At Cambridge Elementary, a new music-and-art center puts the work of the learners on display and changes the relationship between arts to the campus.
Administrators at Cambridge Elementary School in San Antonio, Texas, explored the different ways building design can impact an arts education, as they considered revamping the school’s music and arts facility. They wanted teachers and students to see and hear the art and music, recognizing the importance of creating a stage to promote their work and help learners reach their creative potential.
The result: an entirely new space designed to provide a versatile and vibrant arts learning environment that properly displays and promotes student work. It also offers a masterclass in creating a harmonious landscape amid the larger campus layout.
The design team tackled the project from the ground up. The original arts building, which opened in the ‘30s, had been rehabbed and renovated a dozen times over the years, becoming a functional, Frankenstein-esque space lacking the necessary amenities for a modern curriculum. There weren’t enough practice rooms or acoustically treated spaces, and there was no climate-controlled storage for large instruments such as cellos (a key consideration during Texas summers).
Specialized music and art rooms were designed to support a variety of activities.
The old building simply wasn’t the right home for creative classrooms, especially for a district that prides itself on developing the arts, says Sara Flowers, LPA San Antonio Studio Director, who managed this project. The Alamo Heights Independent School District decided to tear it down and start from scratch.
“If you want to play in the orchestra in middle school in this district, you need to get a good start in fourth or fifth grade at Cambridge,” she says. “That old, cramped building wasn’t the best environment for that kind of learning.”
Overhead outlets and power wheels help create flexibility in art rooms.
LPA has a long working relationship with the district, which helped focus design discussions. In 2015, designers had worked with the district on a master planning initiative, which defined many of the district’s long-term goals. For the music and arts facility, designers and architects went deeper, exploring more experience-driven ways to describe, design and realize what users wanted. The process started with staff meetings focused on the style of learning they wanted to foster. Teachers agreed on two central tenets: They wanted the education to be “rigorous” and “creative.” The designers also conducted a weeklong series of interviews with students to understand their needs and explore ways to improve awareness of the activities.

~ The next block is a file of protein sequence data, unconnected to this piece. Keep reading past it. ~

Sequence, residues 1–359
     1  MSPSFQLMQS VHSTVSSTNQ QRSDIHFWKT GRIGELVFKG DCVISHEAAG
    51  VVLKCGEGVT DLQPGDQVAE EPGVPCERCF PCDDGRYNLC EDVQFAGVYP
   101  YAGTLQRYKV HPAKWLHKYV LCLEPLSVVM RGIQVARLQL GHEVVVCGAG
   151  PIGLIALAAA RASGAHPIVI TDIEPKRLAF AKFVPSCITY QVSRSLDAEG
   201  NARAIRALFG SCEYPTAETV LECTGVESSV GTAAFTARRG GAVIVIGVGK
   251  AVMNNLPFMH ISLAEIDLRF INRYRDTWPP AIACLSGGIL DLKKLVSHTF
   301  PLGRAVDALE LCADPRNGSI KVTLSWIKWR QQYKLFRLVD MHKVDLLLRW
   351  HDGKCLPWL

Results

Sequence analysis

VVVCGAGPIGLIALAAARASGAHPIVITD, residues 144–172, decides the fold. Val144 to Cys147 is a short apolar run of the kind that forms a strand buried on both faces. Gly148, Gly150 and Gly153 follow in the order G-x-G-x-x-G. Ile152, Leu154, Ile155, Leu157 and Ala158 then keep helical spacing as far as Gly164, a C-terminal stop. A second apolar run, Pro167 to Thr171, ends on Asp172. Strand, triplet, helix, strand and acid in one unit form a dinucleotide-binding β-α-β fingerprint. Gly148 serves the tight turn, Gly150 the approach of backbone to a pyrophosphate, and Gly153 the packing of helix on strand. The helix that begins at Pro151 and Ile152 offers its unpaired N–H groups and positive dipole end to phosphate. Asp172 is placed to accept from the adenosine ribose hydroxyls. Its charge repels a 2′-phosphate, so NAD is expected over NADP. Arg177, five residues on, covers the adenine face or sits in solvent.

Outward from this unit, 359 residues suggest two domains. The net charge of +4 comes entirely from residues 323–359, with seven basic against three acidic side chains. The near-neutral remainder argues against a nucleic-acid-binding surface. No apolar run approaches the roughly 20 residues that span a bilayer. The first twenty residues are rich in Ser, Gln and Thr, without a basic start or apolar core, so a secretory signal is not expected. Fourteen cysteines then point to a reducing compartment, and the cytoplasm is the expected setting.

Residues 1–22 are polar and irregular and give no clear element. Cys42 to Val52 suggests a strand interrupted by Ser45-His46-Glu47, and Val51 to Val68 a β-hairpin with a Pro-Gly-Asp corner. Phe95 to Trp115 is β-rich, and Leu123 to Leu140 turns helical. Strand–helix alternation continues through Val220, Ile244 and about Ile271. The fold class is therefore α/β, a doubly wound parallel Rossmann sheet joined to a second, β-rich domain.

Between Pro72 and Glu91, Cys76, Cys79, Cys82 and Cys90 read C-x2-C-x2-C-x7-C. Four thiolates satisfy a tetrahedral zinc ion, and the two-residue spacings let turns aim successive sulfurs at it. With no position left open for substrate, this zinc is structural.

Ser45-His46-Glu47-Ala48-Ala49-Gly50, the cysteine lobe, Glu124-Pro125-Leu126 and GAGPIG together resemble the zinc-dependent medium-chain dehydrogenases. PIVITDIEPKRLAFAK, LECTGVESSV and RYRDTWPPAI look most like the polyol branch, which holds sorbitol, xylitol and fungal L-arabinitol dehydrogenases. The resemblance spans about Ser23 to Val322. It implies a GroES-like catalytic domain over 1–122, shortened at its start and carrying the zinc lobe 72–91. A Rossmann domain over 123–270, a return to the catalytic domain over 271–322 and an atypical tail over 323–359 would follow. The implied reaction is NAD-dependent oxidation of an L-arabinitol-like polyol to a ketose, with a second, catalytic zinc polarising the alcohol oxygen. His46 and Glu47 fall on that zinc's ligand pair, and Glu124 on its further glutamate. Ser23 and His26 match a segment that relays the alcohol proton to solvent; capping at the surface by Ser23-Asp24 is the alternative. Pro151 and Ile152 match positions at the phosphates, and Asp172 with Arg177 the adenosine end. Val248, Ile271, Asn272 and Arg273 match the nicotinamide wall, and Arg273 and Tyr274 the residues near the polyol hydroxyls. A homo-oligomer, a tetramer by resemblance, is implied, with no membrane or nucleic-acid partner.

The new arts center offers students more space to explore their creativity and more public opportunities to showcase their work. Boasting a streamlined, glass-and-metal exterior, the new, 9,500-square-foot facility is divided into six rooms: two for string instruments, two for general music and two for art, with a shared kiln space. The dark, cramped, windowless building of the past has been reimagined with more openness, including north-facing rooms to take advantage of natural light throughout the school day. The music rooms connect, creating space for larger classes and ensembles to practice and perform. The layout also offers clean, crisp sound, with windows placed high to avoid distractions.
Climate-controlled storage spaces are specifically designed for instruments.
For the music and arts facility, designers and architects went deeper, exploring more experience-driven ways to describe, design, and realize what users wanted.
The art rooms include overhead outlets and power wheels for tools like glue guns, as well as posable task lighting to help eliminate shadows when students are sketching. A maker’s porch allows students to work outside amid planter beds. And outside every classroom, dedicated display space creates a gallery of student work.
“We wanted them to experience moments of pride seeing their work on display and to be more aware of what their classmates were working on,” says LPA Design Director Kate Mraw.
The facility repositioned arts within the campus. Now students walking past the arts building on their way to the new gymnasium can see their friends on the maker’s porch or look through the windows to see work on display.
The design process included meetings with staff to explore different types of learning.
The LPA team took advantage of the demolition and rebuilding process to rework the surrounding landscape, according to Project Designer Jim Oppelt. “A big part of the project was rethinking the play areas and fields around the music building,” he says. A playground located across the street was moved to the main campus, linked to the center by a linear park lined with blue-and-orange play structures, benches and statues. The redesign added space for play while making pick-up and drop-off easier and more efficient.
The design added efficiency and cost savings in many areas. Low-flow fountains and toilets, better insulated walls and new windows with wrap-around shade structures helped reduce heat gain in the summer and insulated the building in the winter, cutting heating and cooling costs and overall energy usage.
When the building was finished in spring of 2019, faculty moved in during spring break, excited to give students a chance to use the new space for the rest of the school year. Teachers and students explored the new spaces, including the new stages, which might lead to larger stages in the future.